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This post comes from a discussion I was having on the twissup with blogging legend Tandleman over a pint of pong. It isn’t a recounting of the conversation as I was half cut at the time, but an attempt to more articulately express my point of view having thought about it a bit more. It fits in with a post written by Hardnott Dave here and 2 subsequent postings, here & here, from a blog which I hope is going to be renamed shortly to “cooking lager talk’s bollocks”. Please, I’d love it, and be honoured.

It is difficult to remember the details of a conversation when slightly half cut from an afternoon of irresponsible pub based binge drinking, but the gist of my opinion was that I accepted the pongy cask conditioned ale I had been drinking all afternoon was both a quality product and an enjoyable one. However that did not mean I was incapable of enjoying a can of Stella. I cannot really remember whether Tandy was agreeing with me or not. He can speak for himself, but I suspect it might be either “partly” or “not at all”.

Here, oop north, There are a number of regional breweries alongside micros, and in my view both the micros & regionals do not represent any form of brand. A brand is important not because I wish to buy into a lifestyle or want a logo on my clothes, a brand is the trust and liking I place in a particular product. Anything I buy has different manufacturers competing for my custom and brand value is no more than my preference for one over the other based on quality & price.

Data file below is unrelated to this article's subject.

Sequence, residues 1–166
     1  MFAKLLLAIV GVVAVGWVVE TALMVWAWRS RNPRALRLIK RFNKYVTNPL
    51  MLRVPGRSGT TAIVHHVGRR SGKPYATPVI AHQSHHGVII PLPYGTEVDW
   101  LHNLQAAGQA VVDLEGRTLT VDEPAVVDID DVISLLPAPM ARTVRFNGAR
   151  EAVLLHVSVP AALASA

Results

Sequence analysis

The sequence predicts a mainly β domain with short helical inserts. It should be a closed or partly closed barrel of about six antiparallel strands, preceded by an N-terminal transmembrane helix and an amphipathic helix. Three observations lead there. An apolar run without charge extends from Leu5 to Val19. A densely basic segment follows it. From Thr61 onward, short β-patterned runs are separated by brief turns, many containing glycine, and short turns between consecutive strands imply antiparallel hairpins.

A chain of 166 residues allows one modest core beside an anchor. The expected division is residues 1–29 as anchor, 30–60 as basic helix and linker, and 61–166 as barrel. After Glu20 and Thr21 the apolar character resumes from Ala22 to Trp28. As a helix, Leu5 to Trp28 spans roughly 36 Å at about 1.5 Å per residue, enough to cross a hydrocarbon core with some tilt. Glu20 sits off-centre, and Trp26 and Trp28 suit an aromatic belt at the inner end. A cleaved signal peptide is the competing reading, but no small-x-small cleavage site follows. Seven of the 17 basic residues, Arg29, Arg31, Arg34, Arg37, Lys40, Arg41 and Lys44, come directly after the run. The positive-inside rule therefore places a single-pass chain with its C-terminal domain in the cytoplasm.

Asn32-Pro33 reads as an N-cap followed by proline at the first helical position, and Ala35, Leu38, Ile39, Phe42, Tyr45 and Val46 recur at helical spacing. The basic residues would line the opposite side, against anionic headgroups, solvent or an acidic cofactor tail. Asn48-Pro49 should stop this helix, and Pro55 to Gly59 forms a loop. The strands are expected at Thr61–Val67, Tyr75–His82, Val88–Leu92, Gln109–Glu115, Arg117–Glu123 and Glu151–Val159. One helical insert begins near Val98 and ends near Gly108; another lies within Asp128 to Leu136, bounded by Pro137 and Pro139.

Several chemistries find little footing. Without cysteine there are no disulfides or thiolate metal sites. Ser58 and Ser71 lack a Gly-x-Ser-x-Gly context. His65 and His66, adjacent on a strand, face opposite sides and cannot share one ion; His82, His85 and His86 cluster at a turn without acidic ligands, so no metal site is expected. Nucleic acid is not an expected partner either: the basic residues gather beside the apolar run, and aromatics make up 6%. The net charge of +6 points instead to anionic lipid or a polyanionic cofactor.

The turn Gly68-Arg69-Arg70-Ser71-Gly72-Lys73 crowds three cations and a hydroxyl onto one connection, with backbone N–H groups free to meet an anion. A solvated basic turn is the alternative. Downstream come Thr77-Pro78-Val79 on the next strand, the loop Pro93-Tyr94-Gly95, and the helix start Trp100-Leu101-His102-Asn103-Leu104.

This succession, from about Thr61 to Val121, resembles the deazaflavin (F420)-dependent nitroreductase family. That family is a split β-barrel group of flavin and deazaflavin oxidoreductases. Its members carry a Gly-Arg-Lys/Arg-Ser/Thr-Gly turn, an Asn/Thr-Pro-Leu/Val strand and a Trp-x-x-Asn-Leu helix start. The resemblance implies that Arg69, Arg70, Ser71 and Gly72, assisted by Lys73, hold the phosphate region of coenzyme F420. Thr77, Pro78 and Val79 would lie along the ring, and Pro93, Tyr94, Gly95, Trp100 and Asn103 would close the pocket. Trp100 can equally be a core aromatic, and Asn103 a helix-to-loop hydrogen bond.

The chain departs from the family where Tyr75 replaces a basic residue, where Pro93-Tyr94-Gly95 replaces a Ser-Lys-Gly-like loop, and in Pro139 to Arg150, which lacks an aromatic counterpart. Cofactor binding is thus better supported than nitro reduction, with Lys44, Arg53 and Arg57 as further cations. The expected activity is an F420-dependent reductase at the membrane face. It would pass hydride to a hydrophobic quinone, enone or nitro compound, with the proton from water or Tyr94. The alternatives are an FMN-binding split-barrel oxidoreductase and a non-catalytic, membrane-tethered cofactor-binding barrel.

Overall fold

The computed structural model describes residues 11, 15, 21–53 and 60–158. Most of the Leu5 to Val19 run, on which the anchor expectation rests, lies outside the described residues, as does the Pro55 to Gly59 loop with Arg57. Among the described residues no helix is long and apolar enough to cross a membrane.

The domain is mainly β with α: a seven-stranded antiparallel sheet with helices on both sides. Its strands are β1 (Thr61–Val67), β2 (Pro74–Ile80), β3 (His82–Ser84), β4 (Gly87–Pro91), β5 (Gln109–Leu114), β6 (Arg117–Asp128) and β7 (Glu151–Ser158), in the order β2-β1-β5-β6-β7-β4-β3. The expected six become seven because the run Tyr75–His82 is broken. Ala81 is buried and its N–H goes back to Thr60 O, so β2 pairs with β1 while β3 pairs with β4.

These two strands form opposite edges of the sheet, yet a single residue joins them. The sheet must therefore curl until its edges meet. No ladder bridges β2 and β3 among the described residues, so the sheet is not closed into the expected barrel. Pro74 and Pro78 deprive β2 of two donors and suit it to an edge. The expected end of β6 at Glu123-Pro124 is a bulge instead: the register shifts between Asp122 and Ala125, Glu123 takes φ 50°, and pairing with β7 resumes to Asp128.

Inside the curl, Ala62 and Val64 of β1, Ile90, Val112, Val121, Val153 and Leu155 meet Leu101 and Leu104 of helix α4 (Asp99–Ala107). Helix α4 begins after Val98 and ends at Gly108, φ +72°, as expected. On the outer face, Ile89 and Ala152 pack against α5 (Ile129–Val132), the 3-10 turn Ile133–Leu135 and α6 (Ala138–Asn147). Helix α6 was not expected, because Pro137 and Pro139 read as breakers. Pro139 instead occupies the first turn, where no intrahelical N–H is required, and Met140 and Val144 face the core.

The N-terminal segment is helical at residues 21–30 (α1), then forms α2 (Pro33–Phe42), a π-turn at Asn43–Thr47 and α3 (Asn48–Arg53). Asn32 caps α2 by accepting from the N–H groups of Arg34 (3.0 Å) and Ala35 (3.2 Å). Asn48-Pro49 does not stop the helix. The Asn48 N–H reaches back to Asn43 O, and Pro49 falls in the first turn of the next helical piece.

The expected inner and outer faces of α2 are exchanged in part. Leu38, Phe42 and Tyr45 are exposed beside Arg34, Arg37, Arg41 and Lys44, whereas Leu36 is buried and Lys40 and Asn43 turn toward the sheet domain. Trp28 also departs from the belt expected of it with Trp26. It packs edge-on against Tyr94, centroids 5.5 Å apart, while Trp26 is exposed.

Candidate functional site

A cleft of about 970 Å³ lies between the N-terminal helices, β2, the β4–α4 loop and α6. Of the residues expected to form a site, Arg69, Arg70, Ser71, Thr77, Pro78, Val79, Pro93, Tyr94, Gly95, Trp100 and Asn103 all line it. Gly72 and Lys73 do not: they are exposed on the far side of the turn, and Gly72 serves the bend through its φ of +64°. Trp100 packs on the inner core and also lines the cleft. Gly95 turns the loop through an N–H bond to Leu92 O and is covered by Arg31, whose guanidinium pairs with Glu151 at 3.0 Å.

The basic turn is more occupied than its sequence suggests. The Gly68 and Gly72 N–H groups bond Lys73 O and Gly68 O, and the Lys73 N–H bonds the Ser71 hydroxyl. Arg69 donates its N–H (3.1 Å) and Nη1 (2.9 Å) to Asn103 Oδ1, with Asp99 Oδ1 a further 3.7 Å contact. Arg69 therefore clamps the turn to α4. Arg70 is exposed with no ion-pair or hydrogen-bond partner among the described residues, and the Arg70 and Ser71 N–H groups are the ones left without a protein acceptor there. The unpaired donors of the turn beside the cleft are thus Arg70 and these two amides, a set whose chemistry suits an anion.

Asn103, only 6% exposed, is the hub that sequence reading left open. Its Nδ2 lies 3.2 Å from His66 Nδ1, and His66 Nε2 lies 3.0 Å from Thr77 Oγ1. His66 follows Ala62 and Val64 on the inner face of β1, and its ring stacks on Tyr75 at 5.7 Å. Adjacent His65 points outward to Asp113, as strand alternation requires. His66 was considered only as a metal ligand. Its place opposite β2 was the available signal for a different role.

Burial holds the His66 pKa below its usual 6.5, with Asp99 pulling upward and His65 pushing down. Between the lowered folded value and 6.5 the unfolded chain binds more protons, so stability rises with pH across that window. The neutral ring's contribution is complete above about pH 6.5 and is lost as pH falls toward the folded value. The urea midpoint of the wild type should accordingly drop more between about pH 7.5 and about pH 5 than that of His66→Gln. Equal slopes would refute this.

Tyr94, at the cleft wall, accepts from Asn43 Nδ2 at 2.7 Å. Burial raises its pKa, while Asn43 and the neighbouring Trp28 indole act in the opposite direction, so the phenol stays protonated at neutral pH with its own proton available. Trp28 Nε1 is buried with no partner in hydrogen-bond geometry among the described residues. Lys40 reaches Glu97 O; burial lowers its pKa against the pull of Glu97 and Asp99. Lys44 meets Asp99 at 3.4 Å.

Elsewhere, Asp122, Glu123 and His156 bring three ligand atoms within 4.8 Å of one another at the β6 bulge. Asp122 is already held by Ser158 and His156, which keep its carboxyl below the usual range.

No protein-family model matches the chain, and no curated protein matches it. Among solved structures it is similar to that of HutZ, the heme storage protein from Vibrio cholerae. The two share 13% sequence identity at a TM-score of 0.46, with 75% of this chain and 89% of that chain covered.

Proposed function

In the case of micros it is for the simple reason I have never heard of them and have no idea what their beer is like. In the case of regional’s I have experienced poor quality from them. I understand, I think, the mentality of the beer enthusiast in seeking out information on small scale producers and what are the better pubs to drink from the regional’s are, but I personally simply do not possess the desire to do so myself. I do not consider myself unusual in this. In fact I think most people are like me. On the rare occasion I go into a pub it’s because it’s near work, near home or I’m on a night out and not because I’m seeking out a particular beer.

There are a number of regionals within the area of “oop north” I reside, Hydes, Holts, Robinsons, & Lees are all I can think of and their pub estate represents quite a motley bag. If I leave my office with my work mates and head left the first pub we encounter is a tied pub of a regional brewer. For the cask ale drinker there is a choice of 3, mild, bitter, strong bitter. All are pretty decent and within the pub these 3 cask ales are cheaper than the Carling, Stella or Guinness.